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Producer Lydia Dean Pilcher visits CSU-Pueblo

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With over 30 films to her credit and 30 years of film industry experience, producer Lydia Dean Pilcher brought unique insight, opinions and stories to the Colorado State University-Pueblo campus on March 14.

Lydia Dean Pilcher by Alec Herrera
Lydia Dean Pilcher | Photo by Alec Herrera

Visiting from New York City, Pilcher held three separate events on campus, including two workshops in the Library and Academic Resources Center and a large presentation titled “The Audience in Revolt: Culture Wars and Disruption in Hollywood” which was held in the Occhiato University Center Ballroom, all of which were open to the public.

Pilcher’s first workshop explored her various experiences and opinions on “crowd funding” in the film and industry and how it has affected modern filmmaking.

She outlined her own experience having crowd-funded a movie titled “The Sisterhood of the Night,” which was released in 2015.

This experience includes making a crowd-funding campaign to get people interested, making videos to let people know what the movie is about and considering feedback from the audience.

“When you reach out to people, they talk back,” Pilcher explained in regards to her production company having to progressively make more videos and provide more information at the behest of people asking for them.

This presentation on crowdfunding also included Pilcher’s thoughts on how movies seem to have diverged in production value in budget. Pilcher explained that independent movies tend to “challenge the status quo” and explore stories that are not told in Hollywood.

Despite painting a picture disparity between Hollywood and independent movies, Pilcher felt that the two styles were very much connected.

“Hollywood needs independent movies and independent movies need Hollywood,” Pilcher said.

Audience during Pilcher's presentation by Alec Hererra
The audience watches Pilcher’s presentation. | Photo by Alec Hererra

Ending the first workshop, Pilcher said that she will be crowd-funding another movie this coming year titled “Sight.”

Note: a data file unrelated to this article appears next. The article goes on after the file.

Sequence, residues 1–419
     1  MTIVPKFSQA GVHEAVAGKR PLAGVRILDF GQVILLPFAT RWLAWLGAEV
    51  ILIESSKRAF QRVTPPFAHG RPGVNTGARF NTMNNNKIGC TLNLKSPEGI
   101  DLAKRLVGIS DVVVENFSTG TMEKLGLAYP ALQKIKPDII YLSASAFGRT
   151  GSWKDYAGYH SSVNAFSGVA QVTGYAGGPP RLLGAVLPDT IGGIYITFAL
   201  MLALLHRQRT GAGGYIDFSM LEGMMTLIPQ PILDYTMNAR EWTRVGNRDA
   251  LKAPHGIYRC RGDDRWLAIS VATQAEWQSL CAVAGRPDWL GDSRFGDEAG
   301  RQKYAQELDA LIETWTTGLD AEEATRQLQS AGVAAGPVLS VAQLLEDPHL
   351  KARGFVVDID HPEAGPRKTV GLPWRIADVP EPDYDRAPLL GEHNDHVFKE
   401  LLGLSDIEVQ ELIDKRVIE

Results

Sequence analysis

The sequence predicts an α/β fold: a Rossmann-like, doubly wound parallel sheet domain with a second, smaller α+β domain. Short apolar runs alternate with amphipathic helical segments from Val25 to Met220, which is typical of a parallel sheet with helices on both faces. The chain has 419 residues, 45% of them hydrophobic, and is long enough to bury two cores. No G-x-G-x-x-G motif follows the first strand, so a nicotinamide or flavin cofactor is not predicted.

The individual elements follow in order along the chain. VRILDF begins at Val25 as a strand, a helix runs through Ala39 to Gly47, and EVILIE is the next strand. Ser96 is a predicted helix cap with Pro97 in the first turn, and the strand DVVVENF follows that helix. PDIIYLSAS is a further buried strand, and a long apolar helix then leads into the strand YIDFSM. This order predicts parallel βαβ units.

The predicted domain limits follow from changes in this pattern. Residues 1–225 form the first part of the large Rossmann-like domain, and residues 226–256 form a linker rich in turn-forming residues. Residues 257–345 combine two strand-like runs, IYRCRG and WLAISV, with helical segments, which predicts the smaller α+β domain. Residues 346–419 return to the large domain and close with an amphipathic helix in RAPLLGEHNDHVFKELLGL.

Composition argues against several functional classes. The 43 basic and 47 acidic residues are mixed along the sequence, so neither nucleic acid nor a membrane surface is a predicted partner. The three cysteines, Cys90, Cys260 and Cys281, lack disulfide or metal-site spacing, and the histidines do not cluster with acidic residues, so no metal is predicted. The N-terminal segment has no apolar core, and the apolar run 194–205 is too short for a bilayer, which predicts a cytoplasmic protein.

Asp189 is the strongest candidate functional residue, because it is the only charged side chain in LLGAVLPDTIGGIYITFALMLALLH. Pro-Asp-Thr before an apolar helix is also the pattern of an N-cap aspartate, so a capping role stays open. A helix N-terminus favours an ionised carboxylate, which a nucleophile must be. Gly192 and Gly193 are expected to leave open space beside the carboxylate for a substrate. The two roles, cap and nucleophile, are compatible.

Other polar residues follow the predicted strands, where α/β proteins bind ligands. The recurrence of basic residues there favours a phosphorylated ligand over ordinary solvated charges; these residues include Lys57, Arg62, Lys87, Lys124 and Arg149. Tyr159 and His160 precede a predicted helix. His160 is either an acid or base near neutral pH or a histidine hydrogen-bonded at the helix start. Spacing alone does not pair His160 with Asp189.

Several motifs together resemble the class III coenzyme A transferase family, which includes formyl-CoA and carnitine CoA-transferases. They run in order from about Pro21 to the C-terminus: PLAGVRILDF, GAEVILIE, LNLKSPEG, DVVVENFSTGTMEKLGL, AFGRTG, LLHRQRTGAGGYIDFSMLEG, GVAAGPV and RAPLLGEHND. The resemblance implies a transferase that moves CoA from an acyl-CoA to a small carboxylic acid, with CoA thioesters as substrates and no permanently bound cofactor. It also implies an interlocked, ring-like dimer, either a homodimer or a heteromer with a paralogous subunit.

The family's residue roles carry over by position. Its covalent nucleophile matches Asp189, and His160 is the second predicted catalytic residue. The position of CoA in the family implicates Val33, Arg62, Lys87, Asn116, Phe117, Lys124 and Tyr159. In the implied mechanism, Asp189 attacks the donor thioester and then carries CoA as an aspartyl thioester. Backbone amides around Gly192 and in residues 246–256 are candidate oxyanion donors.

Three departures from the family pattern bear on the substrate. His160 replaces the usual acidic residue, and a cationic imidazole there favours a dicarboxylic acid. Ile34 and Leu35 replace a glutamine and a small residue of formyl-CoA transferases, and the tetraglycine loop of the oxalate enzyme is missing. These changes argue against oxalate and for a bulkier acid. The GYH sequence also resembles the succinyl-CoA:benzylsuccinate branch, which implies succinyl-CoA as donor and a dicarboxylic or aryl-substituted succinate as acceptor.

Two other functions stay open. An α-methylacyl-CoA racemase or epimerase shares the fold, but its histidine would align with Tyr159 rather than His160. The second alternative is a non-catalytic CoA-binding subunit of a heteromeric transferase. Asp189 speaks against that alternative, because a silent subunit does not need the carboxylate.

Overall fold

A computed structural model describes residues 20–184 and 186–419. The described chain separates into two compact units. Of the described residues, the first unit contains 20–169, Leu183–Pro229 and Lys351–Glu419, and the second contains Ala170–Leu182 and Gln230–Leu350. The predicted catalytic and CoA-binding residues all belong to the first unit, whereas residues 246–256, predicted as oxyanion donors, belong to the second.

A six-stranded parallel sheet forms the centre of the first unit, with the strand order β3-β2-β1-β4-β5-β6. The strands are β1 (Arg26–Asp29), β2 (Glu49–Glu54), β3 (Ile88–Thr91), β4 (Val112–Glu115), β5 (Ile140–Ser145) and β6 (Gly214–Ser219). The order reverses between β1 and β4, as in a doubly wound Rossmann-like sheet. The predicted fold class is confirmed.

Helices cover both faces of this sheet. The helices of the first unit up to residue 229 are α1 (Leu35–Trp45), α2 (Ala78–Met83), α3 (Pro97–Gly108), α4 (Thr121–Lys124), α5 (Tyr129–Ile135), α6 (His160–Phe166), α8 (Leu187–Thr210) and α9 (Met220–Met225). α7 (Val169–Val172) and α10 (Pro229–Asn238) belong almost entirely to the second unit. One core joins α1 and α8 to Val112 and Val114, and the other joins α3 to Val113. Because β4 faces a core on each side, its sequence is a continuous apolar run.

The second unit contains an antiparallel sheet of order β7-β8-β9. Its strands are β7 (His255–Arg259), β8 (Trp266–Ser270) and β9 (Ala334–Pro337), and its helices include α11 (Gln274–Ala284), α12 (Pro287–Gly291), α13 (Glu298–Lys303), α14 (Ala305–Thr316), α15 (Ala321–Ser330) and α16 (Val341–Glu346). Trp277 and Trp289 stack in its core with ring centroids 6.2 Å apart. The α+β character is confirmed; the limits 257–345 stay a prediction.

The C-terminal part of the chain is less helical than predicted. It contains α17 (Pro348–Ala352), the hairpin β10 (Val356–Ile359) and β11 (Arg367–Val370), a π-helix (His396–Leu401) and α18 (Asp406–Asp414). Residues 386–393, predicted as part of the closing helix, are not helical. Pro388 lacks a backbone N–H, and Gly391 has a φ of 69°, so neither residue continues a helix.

The second workshop focused on sustainability in the movie industry and Pilcher’s own efforts in “greening” sets. A member of the Producers’ Guild of America, Pilcher has long been trying to improve the environmental sustainability of film sets and industry endeavors.

The final portion of Pilcher’s eventful day was the presentation “”The Audience in Revolt: Culture Wars and Disruption in Hollywood,” which examined filmmaking trends as well as the role of a producer in the industry.

Opening with an introduction of herself, Pilcher talked about herself and even showed a video consisting of movies she’s produced, including “The Darjeeling Limited,” and “The Reluctant Fundamentalist.”

One of the first questions that Pilcher addressed in her presentation was “What does a producer do?” She broke down the various tasks that a producer has, both creatively and financially, but she essentially answered the question by saying, “If you are someone who is good at making people say ‘yes,’ then you would be a good producer.”

The meat of the presentation really started to show itself when Pilcher spoke about the various changes that have hit the industry in the last 10 years.

She talked about the generational change from generation x to millennials, stating that the millennial generation now makes up one third of the U.S. population and is nearly 50 percent “diverse,” making for a lot more diverse stories worth being told.

This idea of diversity led to a presentation on “unconscious bias” in not only the film industry, but in everyday life. She presented various scenarios and engaged the audience on how they felt on stereotypes and unintended biases, all just to illustrate her point on the subject.

Pilcher briefly touched on this year’s Academy Awards as an example of the newer generation’s diverse audience wanting more representation in films, and eschewing the “traditional” sensibilities of the academy.

Highlighting her own experience, Pilcher talked about an upcoming movie of hers about a Ugandan chess prodigy. Titled “Queen of Katwe,” the film is meant to explore aspects of life that Pilcher explained, “aren’t really talked about or told in Hollywood.”

The film is scheduled to release this September.

In the end, Pilcher accepted questions from the audience and enthusiastically met with students and faculty after the presentation for brief one-on-one discussion, a lot of which consisted of questions from enthusiastic aspiring filmmakers.

Pilcher herself reflected positively on the experience, complimenting both the campus and the people, saying that it was an all around great experience.